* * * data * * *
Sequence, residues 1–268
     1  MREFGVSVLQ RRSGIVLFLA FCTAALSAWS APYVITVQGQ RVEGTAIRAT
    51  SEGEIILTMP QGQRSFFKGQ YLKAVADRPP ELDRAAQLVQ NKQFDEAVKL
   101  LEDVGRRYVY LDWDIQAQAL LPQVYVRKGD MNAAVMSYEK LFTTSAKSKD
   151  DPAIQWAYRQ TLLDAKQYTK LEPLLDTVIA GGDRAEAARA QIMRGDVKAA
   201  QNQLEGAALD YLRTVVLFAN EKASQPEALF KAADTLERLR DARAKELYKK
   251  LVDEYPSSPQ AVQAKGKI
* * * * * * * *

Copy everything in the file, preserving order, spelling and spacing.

Sequence, residues 1–268
     1  MREFGVSVLQ RRSGIVLFLA FCTAALSAWS APYVITVQGQ RVEGTAIRAT
    51  SEGEIILTMP QGQRSFFKGQ YLKAVADRPP ELDRAAQLVQ NKQFDEAVKL
   101  LEDVGRRYVY LDWDIQAQAL LPQVYVRKGD MNAAVMSYEK LFTTSAKSKD
   151  DPAIQWAYRQ TLLDAKQYTK LEPLLDTVIA GGDRAEAARA QIMRGDVKAA
   201  QNQLEGAALD YLRTVVLFAN EKASQPEALF KAADTLERLR DARAKELYKK
   251  LVDEYPSSPQ AVQAKGKI